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Publication numberUS20090144028 A1
Publication typeApplication
Application numberUS 11/948,686
Publication dateJun 4, 2009
Filing dateNov 30, 2007
Priority dateNov 30, 2007
Also published asWO2009073335A2, WO2009073335A3
Publication number11948686, 948686, US 2009/0144028 A1, US 2009/144028 A1, US 20090144028 A1, US 20090144028A1, US 2009144028 A1, US 2009144028A1, US-A1-20090144028, US-A1-2009144028, US2009/0144028A1, US2009/144028A1, US20090144028 A1, US20090144028A1, US2009144028 A1, US2009144028A1
InventorsCelestino Corral, Alexander Bijamov, Salvador Sibecas, Glafkos Stratis
Original AssigneeMotorola, Inc.
Export CitationBiBTeX, EndNote, RefMan
External Links: USPTO, USPTO Assignment, Espacenet
Method and apparatus of combining mixed resolution databases and mixed radio frequency propagation techniques
US 20090144028 A1
Abstract
A method (10 or 500) and system (200) for simulating and improving accuracy of empirical propagation models for radio frequency coverage can include a display (210) and a processor (202) coupled to the display. The processor can be operable to input (502 and 504) low-resolution data and high-resolution data, select (506) an area of interest being simulated for empirical propagation models, and classify (508) receivers as belonging to a predetermined type of object. If a receiver in the area of interest is a low resolution object, then normal losses can be applied (510). If a receiver in the area of interest is a high resolution object, then losses specific to the high resolution object can be applied (512). If a receiver is classified as being inside a building, then the processor can further compute (516) a median power for a location of the receiver and add in-building penetration losses.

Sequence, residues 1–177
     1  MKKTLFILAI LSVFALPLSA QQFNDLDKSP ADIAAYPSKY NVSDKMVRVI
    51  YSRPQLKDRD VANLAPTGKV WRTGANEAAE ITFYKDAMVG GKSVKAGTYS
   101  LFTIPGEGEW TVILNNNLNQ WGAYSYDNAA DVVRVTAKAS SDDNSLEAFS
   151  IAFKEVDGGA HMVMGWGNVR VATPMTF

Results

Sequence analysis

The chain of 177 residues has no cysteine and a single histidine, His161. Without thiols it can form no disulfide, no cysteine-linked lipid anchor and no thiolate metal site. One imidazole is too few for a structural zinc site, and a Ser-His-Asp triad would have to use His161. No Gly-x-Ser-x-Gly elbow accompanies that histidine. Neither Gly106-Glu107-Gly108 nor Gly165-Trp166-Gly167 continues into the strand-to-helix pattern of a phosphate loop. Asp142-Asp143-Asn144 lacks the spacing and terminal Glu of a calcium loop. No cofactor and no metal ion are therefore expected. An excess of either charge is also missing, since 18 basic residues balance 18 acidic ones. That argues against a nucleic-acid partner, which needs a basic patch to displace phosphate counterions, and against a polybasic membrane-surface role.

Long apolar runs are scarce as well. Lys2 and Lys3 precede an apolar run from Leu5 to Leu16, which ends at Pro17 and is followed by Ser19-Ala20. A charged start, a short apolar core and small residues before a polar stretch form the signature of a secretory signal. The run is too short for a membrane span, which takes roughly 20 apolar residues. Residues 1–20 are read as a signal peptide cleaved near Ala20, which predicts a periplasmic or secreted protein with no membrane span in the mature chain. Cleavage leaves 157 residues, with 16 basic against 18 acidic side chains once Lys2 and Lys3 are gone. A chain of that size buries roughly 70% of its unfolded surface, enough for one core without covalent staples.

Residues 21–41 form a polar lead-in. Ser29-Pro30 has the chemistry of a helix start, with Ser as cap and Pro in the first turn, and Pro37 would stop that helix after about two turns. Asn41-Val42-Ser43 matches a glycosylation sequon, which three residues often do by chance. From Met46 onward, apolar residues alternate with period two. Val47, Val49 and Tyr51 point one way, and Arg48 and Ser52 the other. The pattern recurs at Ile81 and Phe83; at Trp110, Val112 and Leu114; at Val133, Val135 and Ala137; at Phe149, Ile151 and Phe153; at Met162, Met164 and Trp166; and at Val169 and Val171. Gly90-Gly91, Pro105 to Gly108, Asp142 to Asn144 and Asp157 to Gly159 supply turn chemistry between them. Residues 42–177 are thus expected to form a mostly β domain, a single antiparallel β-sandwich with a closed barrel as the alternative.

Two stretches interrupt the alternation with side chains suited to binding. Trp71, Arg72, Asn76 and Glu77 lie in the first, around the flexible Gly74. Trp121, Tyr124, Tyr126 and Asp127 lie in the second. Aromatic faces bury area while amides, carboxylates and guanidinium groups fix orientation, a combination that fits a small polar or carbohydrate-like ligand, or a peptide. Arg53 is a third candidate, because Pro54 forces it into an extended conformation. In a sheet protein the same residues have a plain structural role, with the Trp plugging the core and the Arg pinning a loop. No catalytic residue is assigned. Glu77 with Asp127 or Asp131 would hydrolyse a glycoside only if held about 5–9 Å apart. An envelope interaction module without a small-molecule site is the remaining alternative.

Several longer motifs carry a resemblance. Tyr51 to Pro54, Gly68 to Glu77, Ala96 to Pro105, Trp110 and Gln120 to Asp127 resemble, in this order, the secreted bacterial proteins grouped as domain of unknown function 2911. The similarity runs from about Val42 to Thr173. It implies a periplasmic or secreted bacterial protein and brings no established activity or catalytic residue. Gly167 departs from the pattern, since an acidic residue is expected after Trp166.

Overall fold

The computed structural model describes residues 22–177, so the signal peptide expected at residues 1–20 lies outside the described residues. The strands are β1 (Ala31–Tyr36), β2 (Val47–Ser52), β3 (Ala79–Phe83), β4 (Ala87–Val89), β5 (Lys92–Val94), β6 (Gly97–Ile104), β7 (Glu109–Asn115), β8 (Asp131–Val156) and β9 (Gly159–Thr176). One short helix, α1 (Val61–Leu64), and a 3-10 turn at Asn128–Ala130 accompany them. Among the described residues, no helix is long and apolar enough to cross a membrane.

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Claims(20)
1. A method of improving accuracy and computational efficiency by combining empirical and deterministic propagation methods for radio frequency coverage simulations using mixed resolution databases, comprising the steps of:
selecting an area of interest being simulated for empirical propagation models;
classifying receivers in the area of interest as belonging to a predetermined type of object;
if the receiver in the area of interest is a low resolution object, then apply normal losses to the receiver; and
if the receiver in the area of interest is a high resolution object, then apply losses specific to the high resolution object.
2. The method of claim 1, wherein the method further comprises the step of determining an object type for the high resolution object and then applying losses specific to the object type for the high resolution object.
3. The method of claim 2, wherein if the receiver in the area of interest is classified as being inside a building, then the method further comprises the step of computing a median power for a location of the receiver and adding in-building penetration losses.
4. The method of claim 2, wherein the method further comprises loading low-resolution data.
5. The method of claim 4, wherein the method further comprises the step of loading high-resolution data.
6. The method of claim 5, wherein the method further comprises the step of loading high-resolution data having 3-dimensional object locations represented in the high resolution data.
7. The method of claim 6, wherein the method further comprises the step of identifying the 3-dimensional object locations and classifying the receivers within the 3-dimensional object locations with a predetermined object type.